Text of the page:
III sec. d.C.


Traduzione tratta da: Aristides Quintilianus, On Music in three books, a cura di Mathiesen T.J., Yale University Press, Londra 1983, pp. 154-157

18. What is the marvel ifthe soul, after taking by nature a body similar to the things moving the instruments-strands and breath, is moved at the same time as these are moved; and when the breath sounds harmoniously and rhyth­mically, the soul is affected at the same time as the breath beside it; and when a strand is struck harmoniously, the soul sounds and intensifies at the sa me time as the specific strands, since indeed such a correspondence is observed in the kithara? For if anyone should pIace one of two unison strings inside a small and light straw and should strike the other stretched out at a distance, he will most palpably see the straw-bearing string moved at the same time. It is strange how the divilile art seems to operate and to do something even through inanimate things. Indeed, by how much more in the case of things moved by the soul is it necessary for the cause of similarity to operate? Of instruments, those fitted together of strands closely resemble the ethe­real, dry, simple region of the cosmos and part of spiritual nature, being more without pass on, immutable, and hostile to wetness, and displaced from their proper settin by damp air; the wind instruments closely resemble the windy, wetter, changeable region, making the hearing overly feminine, being adapted for changin from the straightforward, and taking their constitution and power by wetness. The better instruments are similar to the better things, and the lesser instruments are the others. These things also demonstrate the legend, they say, that esteemed the instruments and mele of Apollo over those of Marsyas. The Phrygian, having been hung over the river in Celaenae after the manner of a wineskin, happens to be in the aerial, full-windy, and dark-colored region, since he is on the ne hand above the water and on the other hand suspended from the ether; but Apollo and his instruments happen to be in the purer and ethereal essence, and he is the leader of this essence.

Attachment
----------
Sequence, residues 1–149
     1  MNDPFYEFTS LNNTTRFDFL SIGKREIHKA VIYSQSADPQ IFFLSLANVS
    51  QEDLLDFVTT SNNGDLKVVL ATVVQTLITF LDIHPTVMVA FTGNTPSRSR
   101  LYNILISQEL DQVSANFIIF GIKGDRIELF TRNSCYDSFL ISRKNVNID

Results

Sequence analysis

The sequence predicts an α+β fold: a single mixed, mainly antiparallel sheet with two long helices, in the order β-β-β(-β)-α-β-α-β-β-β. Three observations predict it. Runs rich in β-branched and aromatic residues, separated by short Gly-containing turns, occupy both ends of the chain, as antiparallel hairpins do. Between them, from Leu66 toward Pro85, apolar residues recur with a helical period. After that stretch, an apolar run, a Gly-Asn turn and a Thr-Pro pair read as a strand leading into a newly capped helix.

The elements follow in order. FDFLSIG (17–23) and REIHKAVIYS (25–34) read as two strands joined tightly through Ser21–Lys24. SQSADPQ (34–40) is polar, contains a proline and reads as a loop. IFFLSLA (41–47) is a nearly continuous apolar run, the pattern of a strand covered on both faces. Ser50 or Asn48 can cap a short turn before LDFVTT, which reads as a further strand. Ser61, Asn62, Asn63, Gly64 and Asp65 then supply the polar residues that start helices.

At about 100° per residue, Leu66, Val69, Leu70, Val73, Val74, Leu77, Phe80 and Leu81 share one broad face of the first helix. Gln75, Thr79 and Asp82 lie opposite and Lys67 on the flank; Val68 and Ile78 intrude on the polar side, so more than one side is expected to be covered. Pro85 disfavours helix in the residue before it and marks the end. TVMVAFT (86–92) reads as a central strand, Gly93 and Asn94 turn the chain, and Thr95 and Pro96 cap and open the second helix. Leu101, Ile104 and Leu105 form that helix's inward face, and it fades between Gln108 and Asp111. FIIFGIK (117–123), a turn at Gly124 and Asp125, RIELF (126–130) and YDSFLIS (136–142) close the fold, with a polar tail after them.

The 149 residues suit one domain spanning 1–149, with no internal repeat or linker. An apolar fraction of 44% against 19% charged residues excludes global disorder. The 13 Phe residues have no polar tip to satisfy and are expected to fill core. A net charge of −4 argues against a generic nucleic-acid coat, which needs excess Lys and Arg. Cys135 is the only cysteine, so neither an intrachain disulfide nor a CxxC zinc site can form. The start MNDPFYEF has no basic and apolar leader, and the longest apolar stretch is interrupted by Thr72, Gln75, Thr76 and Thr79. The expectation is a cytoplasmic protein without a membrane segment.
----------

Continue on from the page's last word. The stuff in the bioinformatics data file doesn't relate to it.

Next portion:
19. In their discourse about the use of instruments, the ancients gradually reveal the following things to us. Harmful melody and that to be avoided as gradual1y leading to evil and destruction, they bestowed as a figure on the brutal and mortal women, the Sirens, whom the Muses conquer and wise Odysseus with headlong speed avoids. Since useful musical creation is twofold (one type is useful for the benefit of serious men, the other for the harmless indulgence of the common herd, even if some of these are quite lowly), the educational type on the kithara, which happens to be manly, they dedicated to Apollo; and the type necessarily pursuing delight because it aims at the multitude, they bestowed on the feminine of the gods, on one of the Muses, on Polyhymnia. And of musical creation in accord with the lyre, the type useful for paideia, as suitable for men, they appointed to Hermes; the other type adapted to softening, as often appeasing the feminine and epithymetic part of the soul, they fastened upon Erato. Again, in the case of the auloi, the melody flattering the quantity of men and part of the soul desiring pleasure, they assigned to the one advising that the sweet vie with the beautiful, in accord with her appellation, to Euterpe; the other type, able occasionally to benefit through much science and discretion but not however departing absolutely from its natural femininity, they allot no longer to the masculine of the gods, but rather to the one feminine in genus, discrete and warlike in ethos, to Athena. So then, in displaying that the benefit through auletic melody is short and advising the wise to avoid for the most part the facility of it, they say that the goddess threw away the auloi as not adding suitable pleasure for those desiring wisdom; but this type of melody is utilized for those of mankind worn out and exhausted because of continuous work and labor. They also brought up how a penalty pursued Marsyas, who dignified his music beyond its worth: whose instruments fell behind those of Apollo by so much as handicraftsmen and ignorant men fall behind wisemen and Marsyas himself behind Apollo. That is why Pythagoras, too, counselled his disciples who heard the aulos to cleanse their hearing as defiled by breath and to thoroughly purify the irrational impulses of the soul with righteous mele to the accompaniment of the small lyre. For the aulos cultivates what is the leader of the worse portions, but the lyre because it takes care of the rational nature is friendly and welcome. The learned in every group of mankind confirm my view that not only our souls but also that of the universe used such a constitution: those persons cultivating the region under the moon, which is full windy and of a wet constitution but which procures its actuality from ethereal life, are soothed by both kinds of instruments – wind and stranded; and those persons cultivating the pure and ethereal region on the one hand deprecated every wind instrument as defiling the soul and dragging it down to the things here and on the other hand hymned and held in honor the kithara and lyre alone of the instruments as the purer. Of this latter region, surely, wise men are imitators and emulators, on the one hand divorced from the disorder and variety of the things in this world – ­at least in inclination, even if present in body – and on the other hand holding on to the unbroken simplicity and reciprocal concord of the beautiful things of that place through a likeness to virtue.